Art Basel Braces for Slump
The major pieces that typically define Art Basel, the world's largest art fair, are being eschewed last year in response to the largest art market plunge in nearly 20 years. If you're hoping to see the likes of Andy Warhol's work at the show in Switzerland this year, you'll have to hunt. The show opens to VIP visitors today, but you won't see much up-market art in attendance among the 300 galleries and 2,500 artists represented.
Galleries and dealers are being realistic. Average auction prices fell 76.2 percent from May 2008 to the present, according to ArtTactic, a London-based company that analyzes the market. The unexpected $93.7 million result at the Christie's contemporary art auction in May was based on lowered expectations, tainting the success. Consequently, the art on display is generally "priced to sell." A small 1964 Warhol silkscreen self-portrait is being offered for $675,000, though it would have been put up for a $1 million last year. Effectively, prices have returned to 2005 levels.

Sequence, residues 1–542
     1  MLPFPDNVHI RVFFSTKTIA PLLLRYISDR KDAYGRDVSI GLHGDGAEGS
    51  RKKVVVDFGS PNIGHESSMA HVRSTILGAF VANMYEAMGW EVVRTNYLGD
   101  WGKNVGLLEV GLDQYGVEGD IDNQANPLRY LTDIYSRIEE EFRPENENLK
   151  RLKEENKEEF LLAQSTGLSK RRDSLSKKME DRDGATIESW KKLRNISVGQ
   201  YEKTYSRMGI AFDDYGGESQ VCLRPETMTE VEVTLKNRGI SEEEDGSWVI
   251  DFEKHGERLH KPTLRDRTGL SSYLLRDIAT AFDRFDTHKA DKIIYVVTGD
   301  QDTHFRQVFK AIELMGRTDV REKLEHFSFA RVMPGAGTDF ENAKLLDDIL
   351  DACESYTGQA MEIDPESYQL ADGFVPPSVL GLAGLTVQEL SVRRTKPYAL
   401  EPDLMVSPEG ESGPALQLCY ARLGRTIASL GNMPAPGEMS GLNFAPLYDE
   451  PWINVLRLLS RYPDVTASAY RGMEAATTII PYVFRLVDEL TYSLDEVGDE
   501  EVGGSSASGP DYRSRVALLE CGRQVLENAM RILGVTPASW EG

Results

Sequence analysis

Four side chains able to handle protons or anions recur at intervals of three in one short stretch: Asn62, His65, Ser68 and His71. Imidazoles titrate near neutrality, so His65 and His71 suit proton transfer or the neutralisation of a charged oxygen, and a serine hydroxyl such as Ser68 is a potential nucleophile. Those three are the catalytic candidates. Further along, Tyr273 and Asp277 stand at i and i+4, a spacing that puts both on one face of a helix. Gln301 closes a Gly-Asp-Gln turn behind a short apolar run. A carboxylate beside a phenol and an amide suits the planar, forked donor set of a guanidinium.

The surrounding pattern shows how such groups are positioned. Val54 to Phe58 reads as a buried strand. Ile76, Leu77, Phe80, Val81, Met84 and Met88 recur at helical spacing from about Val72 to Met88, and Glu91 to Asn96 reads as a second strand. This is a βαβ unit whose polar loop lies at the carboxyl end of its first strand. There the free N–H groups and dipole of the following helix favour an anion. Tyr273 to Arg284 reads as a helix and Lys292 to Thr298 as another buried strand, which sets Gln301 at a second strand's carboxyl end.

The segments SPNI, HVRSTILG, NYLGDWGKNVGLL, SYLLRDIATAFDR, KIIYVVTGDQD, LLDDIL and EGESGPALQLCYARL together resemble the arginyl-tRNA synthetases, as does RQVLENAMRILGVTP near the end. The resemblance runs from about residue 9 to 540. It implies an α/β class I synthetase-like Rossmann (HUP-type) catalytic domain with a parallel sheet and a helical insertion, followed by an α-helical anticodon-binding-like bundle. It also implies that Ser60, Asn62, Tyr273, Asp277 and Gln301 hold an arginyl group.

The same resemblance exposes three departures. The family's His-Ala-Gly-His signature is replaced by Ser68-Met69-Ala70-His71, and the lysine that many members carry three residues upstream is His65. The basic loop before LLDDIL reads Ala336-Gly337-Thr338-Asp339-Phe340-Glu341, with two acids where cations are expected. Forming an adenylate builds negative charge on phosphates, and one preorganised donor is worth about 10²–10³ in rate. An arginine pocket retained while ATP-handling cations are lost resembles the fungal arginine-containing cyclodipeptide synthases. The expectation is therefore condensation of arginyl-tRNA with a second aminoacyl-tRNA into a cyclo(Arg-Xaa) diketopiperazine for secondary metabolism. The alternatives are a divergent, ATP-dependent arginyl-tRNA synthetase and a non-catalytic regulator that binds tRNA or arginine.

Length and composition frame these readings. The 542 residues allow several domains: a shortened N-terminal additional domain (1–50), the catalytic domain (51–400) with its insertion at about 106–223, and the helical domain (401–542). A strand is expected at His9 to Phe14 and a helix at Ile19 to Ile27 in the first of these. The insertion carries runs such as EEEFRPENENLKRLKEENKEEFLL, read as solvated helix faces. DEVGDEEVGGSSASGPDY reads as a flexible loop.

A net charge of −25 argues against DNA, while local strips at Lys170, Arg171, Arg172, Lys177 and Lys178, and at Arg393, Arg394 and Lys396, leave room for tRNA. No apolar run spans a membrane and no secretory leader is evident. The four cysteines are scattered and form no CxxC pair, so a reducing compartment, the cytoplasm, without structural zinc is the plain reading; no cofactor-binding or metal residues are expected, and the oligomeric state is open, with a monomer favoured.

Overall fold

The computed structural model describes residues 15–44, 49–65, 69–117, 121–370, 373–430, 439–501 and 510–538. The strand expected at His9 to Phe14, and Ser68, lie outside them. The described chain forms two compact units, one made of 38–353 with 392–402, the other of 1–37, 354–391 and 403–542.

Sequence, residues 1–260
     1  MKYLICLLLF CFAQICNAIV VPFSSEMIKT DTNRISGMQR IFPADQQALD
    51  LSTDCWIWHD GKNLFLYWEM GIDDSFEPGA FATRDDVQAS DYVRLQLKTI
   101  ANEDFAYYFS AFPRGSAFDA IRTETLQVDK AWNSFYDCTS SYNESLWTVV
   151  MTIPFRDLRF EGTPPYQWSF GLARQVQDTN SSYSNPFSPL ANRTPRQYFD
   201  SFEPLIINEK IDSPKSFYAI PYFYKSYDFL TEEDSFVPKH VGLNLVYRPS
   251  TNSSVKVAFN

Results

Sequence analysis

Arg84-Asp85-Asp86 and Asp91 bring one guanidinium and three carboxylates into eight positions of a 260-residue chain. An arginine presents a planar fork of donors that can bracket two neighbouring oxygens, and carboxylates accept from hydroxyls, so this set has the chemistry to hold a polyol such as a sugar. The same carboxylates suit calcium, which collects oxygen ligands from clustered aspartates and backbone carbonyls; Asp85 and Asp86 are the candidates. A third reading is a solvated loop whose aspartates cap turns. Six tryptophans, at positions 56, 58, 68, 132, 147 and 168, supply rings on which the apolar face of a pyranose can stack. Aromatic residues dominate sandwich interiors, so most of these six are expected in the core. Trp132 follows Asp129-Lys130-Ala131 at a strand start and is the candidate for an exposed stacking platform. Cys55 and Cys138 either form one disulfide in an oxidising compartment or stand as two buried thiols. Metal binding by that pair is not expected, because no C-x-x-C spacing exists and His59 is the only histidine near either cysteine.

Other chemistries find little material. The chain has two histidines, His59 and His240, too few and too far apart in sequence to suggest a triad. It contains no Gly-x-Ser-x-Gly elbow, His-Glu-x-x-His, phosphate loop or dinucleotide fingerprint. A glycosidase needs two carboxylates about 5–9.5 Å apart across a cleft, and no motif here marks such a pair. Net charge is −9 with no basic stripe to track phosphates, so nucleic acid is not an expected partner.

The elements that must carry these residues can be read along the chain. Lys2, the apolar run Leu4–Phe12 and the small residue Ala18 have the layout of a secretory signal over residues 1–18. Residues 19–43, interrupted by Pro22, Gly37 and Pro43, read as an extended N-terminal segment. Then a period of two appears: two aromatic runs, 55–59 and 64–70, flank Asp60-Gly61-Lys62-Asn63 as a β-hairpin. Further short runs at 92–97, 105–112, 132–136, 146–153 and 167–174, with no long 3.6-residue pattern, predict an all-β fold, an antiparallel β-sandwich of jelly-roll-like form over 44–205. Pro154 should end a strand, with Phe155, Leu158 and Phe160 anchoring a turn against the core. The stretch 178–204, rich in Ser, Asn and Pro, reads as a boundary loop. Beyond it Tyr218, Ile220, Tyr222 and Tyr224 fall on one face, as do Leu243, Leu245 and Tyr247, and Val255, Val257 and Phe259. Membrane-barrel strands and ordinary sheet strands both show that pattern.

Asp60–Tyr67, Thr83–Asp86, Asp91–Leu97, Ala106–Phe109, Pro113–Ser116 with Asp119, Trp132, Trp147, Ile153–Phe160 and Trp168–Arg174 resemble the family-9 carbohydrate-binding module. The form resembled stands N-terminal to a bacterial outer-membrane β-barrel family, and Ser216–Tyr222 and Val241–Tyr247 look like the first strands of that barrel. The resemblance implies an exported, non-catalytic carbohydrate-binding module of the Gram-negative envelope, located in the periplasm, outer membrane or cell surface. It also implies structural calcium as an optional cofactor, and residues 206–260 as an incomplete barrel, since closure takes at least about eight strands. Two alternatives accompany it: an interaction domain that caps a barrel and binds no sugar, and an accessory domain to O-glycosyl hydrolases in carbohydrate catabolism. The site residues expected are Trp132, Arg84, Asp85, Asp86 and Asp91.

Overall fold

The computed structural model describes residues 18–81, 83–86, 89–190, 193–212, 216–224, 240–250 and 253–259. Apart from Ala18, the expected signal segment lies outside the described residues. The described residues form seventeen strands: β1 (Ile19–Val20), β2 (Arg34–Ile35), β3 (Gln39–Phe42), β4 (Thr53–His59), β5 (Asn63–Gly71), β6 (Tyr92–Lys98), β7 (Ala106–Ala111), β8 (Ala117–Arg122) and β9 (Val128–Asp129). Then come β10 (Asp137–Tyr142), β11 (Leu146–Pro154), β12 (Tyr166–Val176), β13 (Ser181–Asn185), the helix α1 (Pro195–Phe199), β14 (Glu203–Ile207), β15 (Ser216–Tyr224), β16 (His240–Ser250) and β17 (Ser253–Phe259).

Of course, a lucky few will be able to take care of the "shadow fair" that's likely to emerge at Art Basel this year. While some will be stuck working the booths, others will strike private deals, usually involving pieces offered on consignment from collectors.